The opportunity for artificial intelligence to transform healthcare was put in sharp relief in 2020, as AI research and applications were designed to help diagnose coronavirus infections, improve heart transplant outcomes, and detect arthritis before it develops. Newly announced regulatory guidelines aim to further reduce the obstacles to implementing AI technologies in daily clinical practice. Last week, the FDA issued its Artificial Intelligence and Machine Learning (AI/ML) Software as a Medical Device Action (SaMD) plan that outlines best practices for the application of AI and ML in healthcare.
We have discussed how AI will play a major role in nearly every aspect of healthcare, from diagnosis to treatment (see our framework on the two waves of digital health innovation). Within the second wave of innovation, we believe that prescription digital therapeutics and other AI/ML based diagnostic technologies will become mainstream. Defined as “software intended to be used for one or more medical purposes that perform these purposes without being part of a hardware medical device,” these technologies will lay the foundation for evidence-based medicine ranging from stroke detection to treatments of substance abuse disorders.
One of the key takeaways from the FDA discussion paper is the predetermined change control plan which expects transparency and real world performance monitoring from manufacturers, enabling the FDA to ensure safety and effectiveness across the product lifecycle. Given the adaptive nature of AI, these regulations may create a market for an additional set of technologies capable of continuously monitoring the algorithms and providing explainability about how the algorithms are making decisions.
In addition to how AI technologies are deployed within SaMDs, the FDA discussion paper touches on the need to hold the healthcare industry to a high standard on issues of bias and security. We are encouraged by the framework outlined by the FDA and welcome conversations about AI that move healthcare forward while building patient trust.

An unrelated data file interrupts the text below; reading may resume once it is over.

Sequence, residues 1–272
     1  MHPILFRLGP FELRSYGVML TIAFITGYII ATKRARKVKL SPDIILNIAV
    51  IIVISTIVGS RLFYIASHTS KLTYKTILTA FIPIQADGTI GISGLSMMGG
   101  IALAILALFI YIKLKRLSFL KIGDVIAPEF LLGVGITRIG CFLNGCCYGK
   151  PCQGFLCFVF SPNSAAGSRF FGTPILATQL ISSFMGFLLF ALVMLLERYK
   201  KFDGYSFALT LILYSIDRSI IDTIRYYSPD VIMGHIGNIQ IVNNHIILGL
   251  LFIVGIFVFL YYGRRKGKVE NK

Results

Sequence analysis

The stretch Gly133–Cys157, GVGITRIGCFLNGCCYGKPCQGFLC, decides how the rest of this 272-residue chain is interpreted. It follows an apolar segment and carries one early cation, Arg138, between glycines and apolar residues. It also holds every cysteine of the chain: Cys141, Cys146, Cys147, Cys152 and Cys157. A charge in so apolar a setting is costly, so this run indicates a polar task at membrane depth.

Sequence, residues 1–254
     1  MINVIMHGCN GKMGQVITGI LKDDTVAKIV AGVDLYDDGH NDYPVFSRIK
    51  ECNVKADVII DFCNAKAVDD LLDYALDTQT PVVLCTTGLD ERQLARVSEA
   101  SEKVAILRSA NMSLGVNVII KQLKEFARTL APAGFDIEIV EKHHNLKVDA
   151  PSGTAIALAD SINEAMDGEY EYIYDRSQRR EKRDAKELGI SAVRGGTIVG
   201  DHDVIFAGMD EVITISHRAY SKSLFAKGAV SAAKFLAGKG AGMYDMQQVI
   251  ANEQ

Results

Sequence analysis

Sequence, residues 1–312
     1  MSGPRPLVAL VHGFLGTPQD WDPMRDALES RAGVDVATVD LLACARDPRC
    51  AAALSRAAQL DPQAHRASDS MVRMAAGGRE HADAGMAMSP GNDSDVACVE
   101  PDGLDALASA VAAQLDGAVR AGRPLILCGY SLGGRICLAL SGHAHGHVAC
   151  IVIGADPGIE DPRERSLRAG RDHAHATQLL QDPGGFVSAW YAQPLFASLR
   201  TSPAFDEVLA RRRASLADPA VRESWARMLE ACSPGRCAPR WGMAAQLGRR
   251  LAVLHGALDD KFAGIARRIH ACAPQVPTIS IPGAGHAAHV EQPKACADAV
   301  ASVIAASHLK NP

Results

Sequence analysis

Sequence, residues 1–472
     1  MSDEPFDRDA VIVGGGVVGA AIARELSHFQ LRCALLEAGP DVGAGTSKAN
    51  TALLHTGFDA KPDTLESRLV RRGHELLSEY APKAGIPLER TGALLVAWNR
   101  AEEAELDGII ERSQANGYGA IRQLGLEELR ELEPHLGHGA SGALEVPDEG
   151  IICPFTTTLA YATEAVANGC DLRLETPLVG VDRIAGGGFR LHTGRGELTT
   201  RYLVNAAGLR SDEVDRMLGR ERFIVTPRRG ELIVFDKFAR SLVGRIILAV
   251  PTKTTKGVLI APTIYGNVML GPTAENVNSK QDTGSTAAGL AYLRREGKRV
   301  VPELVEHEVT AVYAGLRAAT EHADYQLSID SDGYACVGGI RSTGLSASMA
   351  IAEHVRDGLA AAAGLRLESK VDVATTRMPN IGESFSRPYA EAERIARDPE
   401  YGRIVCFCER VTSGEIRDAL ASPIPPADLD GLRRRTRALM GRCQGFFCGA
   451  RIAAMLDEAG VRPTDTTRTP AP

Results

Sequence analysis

5 Noteworthy AI and Deep Tech Articles: week of Jan 25, 2021
1) Canada CIFAR AI Chairs program surges past 100 (CIFAR)
Canada welcomes 29 international researchers to its world-class AI research and training community to advance research in a wide range of areas, including machine learning for health and responsible AI. The recipients include Radical Scientific Advisor David Duvenaud. The Canada CIFAR AI Chairs program, a cornerstone of the Pan-Canadian AI Strategy (co-written by Radical and Vector Institute co-founders Tomi Poutanen and Jordan Jacobs), aims to attract outstanding researchers to Canada by providing them with long-term, dedicated funding to pursue innovative ideas. Disclosure: Jordan Jacobs is a Director of CIFAR.
2) AI Reflections in 2020 (Nature Machine Intelligence)
A look at research trends concerning AI in society from the previous year and analysis of what some of the top academics in the field expect for 2021. The anticipated trends include growing demand for algorithmic transparency, investments in addressing bias in AI systems, and steps to increase governance of technology.
3) AI could make healthcare fairer – by helping us believe what patients say (MIT Technology Review)
A new paper proposes a way to develop medical algorithms that might reverse existing inequalities in healthcare delivery. When algorithms are trained only on expert knowledge, they are vulnerable to perpetuating existing biases. An experiment correlating patient pain with detailed radiology reports indicates that the standard way of measuring pain is flawed, revealing bias in the treatment of Black patients.
4) The New Architecture of Tech Innovation Looks Very Much Like This (Forbes)
Collaboration and partnerships can be the primary driver of innovation. ATB Ventures, an arm of ATB Financial, has partnered with Radical Ventures to advance ATB’s innovation efforts in applied AI and machine learning. The research coming out of Alberta’s AI ecosystem may play an important role in shaping our future economy. ATB’s investment in Radical represents an important connection that builds on the recent growth and success of Alberta’s tech and venture capital ecosystem.
5) Why Amazon is interested in outside receipts (Bank Administration Institute)
Amazon recently launched a program that pays customers to upload their receipts from outside retailers, putting the tech giant in direct competition with banks. In this article, Sensibill CEO, Corey Gross, discusses how financial institutions can take proactive steps to protect their relationships, encourage loyalty and maintain market share. Sensibill is a Radical portfolio company.
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